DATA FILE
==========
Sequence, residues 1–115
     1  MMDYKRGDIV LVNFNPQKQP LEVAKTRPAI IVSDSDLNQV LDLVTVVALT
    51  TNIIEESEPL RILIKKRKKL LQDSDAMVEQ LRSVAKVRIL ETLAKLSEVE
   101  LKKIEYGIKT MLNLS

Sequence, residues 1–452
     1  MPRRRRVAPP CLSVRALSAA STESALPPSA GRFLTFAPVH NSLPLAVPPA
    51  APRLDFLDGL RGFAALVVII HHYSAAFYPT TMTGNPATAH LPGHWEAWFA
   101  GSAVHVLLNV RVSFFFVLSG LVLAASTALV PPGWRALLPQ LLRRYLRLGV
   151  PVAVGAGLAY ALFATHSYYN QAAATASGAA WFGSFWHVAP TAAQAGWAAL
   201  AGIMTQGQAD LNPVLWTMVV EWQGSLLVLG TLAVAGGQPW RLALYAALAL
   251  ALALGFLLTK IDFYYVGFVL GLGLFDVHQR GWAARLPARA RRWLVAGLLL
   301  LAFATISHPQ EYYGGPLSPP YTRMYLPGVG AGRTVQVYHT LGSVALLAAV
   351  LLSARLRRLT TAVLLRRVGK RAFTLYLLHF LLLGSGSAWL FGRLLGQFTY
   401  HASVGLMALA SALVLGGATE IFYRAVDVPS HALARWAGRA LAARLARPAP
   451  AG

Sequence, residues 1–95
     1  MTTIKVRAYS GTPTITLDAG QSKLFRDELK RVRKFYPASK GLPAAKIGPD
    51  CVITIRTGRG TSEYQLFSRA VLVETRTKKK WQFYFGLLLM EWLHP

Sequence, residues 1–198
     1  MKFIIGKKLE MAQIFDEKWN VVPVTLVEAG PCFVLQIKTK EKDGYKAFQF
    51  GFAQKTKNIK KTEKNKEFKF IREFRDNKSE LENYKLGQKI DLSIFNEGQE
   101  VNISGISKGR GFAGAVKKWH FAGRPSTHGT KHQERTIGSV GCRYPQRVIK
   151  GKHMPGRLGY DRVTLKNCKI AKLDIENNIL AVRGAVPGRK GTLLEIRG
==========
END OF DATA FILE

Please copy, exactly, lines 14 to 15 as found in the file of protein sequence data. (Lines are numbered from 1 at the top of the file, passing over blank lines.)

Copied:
   401  HASVGLMALA SALVLGGATE IFYRAVDVPS HALARWAGRA LAARLARPAP
   451  AG